A few neighborhoods to get you started:

Sunland-Tujunga is located in the San Fernando Valley near the foothills of the San Gabriel Mountains. Sunland and Tujunga are each separate settlements but share a library, police force, high school and other agencies and councils. Here you will find Mount Lukens which is the highest point in Los Angeles.

Brentwood residents bask in the marine breezes blowing in off the Pacific. The area is hilly with ridges and canyons. One treat for residents is an area called Brentwood Village where you can find many restaurants and coffee shops offering a wide variety of food and drink.

Lake View Terrace is a suburb in San Fernando Valley. This community is surrounded by the Angeles National Forest, the Big and Little Tujunga Canyons and part of the Verdugo Mountains. If you have horses, this area has a large equestrian community and is zoned for keeping horses.

Venice is well-known for its beaches, canals and crazy pedestrian Ocean Front Walk where many performers and artists entertain. Originally founded as a seaside resort, its recreational beachfront still attracts people from all over.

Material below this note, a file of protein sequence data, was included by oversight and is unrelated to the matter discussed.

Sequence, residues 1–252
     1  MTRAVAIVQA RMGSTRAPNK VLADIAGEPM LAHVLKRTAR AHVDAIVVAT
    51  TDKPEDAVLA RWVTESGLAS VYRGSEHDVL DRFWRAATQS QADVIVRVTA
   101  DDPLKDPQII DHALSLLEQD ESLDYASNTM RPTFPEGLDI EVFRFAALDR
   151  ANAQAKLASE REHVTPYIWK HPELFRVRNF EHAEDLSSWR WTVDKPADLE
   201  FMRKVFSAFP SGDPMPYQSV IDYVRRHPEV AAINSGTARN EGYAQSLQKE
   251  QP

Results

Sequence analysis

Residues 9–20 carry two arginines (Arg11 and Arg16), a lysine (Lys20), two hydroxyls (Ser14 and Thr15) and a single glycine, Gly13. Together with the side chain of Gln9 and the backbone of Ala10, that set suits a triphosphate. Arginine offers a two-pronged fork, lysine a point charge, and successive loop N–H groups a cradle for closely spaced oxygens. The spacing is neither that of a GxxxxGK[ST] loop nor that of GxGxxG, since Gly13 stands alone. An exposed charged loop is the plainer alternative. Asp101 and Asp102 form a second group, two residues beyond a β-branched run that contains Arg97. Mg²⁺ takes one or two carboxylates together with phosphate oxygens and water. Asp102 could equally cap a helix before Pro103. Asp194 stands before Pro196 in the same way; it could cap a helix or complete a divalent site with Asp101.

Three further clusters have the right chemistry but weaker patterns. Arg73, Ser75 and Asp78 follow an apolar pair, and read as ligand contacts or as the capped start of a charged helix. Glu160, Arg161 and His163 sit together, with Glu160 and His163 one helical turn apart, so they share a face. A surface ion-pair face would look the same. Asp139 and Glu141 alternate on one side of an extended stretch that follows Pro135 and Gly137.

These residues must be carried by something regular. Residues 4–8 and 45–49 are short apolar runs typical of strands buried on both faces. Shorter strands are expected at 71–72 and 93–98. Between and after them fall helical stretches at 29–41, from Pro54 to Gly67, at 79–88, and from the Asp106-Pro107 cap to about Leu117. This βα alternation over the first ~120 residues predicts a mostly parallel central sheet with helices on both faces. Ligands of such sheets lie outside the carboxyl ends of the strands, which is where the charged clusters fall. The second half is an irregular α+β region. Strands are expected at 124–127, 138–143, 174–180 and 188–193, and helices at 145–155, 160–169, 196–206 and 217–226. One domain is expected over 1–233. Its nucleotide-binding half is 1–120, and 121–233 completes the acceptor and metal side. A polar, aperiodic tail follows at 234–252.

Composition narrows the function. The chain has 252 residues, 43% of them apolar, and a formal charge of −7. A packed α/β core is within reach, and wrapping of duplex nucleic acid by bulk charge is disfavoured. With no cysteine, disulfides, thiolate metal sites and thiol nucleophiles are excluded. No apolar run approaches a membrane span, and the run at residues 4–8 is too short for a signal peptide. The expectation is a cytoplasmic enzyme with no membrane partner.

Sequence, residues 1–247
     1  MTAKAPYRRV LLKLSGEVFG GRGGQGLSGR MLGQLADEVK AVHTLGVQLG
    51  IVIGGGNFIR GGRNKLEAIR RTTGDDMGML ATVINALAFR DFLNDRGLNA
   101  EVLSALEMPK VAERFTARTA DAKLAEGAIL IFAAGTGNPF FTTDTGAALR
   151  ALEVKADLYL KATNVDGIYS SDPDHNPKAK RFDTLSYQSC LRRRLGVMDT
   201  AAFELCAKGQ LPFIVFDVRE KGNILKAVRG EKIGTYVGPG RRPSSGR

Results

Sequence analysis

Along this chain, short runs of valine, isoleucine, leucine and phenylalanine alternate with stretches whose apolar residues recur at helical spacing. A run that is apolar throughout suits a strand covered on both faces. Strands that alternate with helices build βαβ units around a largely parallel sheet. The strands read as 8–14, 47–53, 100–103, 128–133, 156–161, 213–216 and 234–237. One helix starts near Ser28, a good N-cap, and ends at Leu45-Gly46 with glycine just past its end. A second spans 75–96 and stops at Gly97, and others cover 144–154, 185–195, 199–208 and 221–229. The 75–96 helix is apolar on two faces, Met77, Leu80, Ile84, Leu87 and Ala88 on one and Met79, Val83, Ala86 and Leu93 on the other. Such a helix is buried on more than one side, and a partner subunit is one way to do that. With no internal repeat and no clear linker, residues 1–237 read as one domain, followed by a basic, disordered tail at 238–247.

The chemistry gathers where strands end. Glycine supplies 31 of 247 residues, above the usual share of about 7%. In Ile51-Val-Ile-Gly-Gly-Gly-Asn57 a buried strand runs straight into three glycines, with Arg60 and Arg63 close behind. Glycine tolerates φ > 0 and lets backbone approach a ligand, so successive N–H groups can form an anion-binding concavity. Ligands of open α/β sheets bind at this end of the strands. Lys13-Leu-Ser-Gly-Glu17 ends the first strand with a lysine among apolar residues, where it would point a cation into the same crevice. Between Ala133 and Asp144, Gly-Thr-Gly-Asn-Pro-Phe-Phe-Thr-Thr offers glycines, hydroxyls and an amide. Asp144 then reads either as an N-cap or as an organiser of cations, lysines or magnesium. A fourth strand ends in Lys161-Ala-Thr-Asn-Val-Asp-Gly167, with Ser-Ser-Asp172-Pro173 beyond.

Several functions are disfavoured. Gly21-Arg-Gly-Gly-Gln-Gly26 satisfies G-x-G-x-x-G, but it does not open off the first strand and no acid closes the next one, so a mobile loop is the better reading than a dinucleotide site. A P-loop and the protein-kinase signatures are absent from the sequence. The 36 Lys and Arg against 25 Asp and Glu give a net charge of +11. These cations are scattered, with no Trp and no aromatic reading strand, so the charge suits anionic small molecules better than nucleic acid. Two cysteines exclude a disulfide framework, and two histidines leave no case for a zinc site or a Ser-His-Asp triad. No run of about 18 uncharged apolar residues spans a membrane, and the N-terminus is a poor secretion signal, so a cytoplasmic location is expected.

Los Feliz, closer to downtown compared to those mentioned above, is nestled near the beautiful Griffith Park. It is a lovely little enclave with many hip shops and cafes, as well as the Vista Theatre, a 1923 movie palace.

 


4. Things to do in LA

Head out to Santa Monica on the coast. With the shops and rides at the Santa Monica Pier, you are sure to have a great time wandering and experiencing the waves coming in along the extensive stretch of beach.

For culture, L.A. does not lack! With around 800 plus museums and art galleries, you’ll get a fill of art, enlightenment and intellectuality. Visit the Natural History Museum, The Getty Center or the Museum of Contemporary Art.